It is a further object of the invention to provide a new and improved method of forming integrated waveguide cavities for millimeter-wave solid-state modules.
It is still another object of the invention to provide an improved process for incorporating the formation of a waveguide cavity as a step in the device fabrication procedure.
It is still a further object of the invention to provide a new and improved process suitable for low cost, high volume manufacture of diode-mesas modules in the millimeter-wave lengths.
These and other advantages, features and objects of the invention will become more apparent from the following description taken in connection with the illustrative embodiment in the accompanying drawings.
FIG. 1 is an exploded view of the invention;
FIG. 2 is a compressed view of the invention; and
FIG. 3 is a view taken in circle 3 of FIG. 2 of a finished product of the invention.
Referring now to FIG. 1 a semiconductor wafer 10 has a series of IMPATT diode mesas 12 formed thereon. A top plate 14, of a metal appropriate for use as a waveguide and of a thickness equal to a desired waveguide height is prepared to be placed over the wafer. Slots 16 are punched out of the top plate which correspond to the desired width of the waveguide. The slots are aligned so that each slot is centered over a row of diodes. A heat sink 18 of copper or other suitable material is bonded to the wafer in the conventional IMPATT diode fabrication process.
FIG. 2 shows the top plate as it is thermal compression bonded to the wafer with diode arrays 12 aligned with slots 16. The package thus formed is cut appropriately to form modules which have a width corresponding to the waveguide width.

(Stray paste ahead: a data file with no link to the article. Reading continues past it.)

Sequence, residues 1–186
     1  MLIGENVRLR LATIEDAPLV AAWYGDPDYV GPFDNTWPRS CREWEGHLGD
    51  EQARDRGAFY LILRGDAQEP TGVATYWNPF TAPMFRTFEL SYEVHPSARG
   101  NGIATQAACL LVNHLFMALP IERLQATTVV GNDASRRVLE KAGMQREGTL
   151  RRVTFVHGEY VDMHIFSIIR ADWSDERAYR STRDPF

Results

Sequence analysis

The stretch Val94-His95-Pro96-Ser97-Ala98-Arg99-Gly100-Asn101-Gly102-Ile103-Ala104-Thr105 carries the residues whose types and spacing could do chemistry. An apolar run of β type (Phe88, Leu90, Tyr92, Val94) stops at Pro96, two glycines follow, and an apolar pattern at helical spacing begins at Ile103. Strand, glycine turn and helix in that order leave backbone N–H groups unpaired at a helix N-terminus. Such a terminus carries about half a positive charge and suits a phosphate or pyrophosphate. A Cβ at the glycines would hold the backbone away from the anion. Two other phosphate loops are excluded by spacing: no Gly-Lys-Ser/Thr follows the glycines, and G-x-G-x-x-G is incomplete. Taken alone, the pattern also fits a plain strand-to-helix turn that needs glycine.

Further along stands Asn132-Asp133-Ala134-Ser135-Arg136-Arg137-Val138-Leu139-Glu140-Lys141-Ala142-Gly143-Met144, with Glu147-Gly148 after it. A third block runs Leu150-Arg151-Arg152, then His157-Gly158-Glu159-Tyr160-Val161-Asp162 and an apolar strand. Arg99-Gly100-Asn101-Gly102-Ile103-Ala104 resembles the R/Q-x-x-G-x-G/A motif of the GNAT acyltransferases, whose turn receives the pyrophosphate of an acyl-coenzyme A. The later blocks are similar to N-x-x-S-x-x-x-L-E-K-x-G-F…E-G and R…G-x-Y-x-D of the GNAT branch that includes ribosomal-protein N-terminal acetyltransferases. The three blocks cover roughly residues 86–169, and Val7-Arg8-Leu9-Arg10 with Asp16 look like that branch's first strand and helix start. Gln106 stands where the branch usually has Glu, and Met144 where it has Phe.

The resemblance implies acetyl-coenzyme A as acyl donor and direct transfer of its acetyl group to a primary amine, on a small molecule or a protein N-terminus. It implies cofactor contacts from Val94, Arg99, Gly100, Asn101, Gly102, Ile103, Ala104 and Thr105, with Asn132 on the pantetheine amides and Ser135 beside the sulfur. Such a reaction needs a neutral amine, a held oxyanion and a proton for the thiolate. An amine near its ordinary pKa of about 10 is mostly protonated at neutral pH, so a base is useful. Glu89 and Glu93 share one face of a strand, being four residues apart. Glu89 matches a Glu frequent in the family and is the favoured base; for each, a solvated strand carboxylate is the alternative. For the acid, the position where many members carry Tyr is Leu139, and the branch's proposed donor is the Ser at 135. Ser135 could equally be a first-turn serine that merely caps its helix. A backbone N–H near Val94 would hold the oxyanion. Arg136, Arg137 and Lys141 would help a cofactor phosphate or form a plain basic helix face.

FIG. 3 shows an integrated waveguide cavity 20 containing an integrated IMPATT diode after separation by cutting from the larger wafer. Leads would be connected to the diode in a conventional manner and fabrication of the module complete. In practice a semiconductor wafer 11/2 inch diameter will support approximately 50 modules. The described devices would produce a module appropriate for frequencies from 220 to 325 GHz. The process may also be extended for use with lower millimeter-wave frequencies such as 94 GHz.
Although the invention has been described with reference to a particular embodiment, it will be understood to those skilled in the art that the invention is capable of a variety of alternative embodiments within the spirit and scope of the appended claims.
|Cited Patent||Filing date||Publication date||Applicant||Title|
|US3916510 *||Jul 1, 1974||Nov 4, 1975||Us Navy||Method for fabricating high efficiency semi-planar electro-optic modulators|
|US4023258 *||Mar 5, 1976||May 17, 1977||Bell Telephone Laboratories, Incorporated||Method of manufacturing semiconductor diodes for use in millimeter-wave circuits|
|US4023260 *||Mar 5, 1976||May 17, 1977||Bell Telephone Laboratories, Incorporated||Method of manufacturing semiconductor diodes for use in millimeter-wave circuits|
|US4102037 *||Apr 13, 1977||Jul 25, 1978||Thomson-Csf||Method of creating a millimeter wave source and of adapting such a source to waveguide transmission|
|DE2910419A1 *||Mar 16, 1979||Sep 20, 1979||Thomson Csf||Verfahren zur sammelherstellung von vorabgestimmten millimeterwellen-quellen|
|U.S. Classification||438/113, 257/433, 29/601, 438/380, 438/122|
|International Classification||H01L21/48, H01P11/00|
|Cooperative Classification||H01P11/008, H01L21/4871, Y10T29/49018|
|European Classification||H01P11/00D, H01L21/48C5|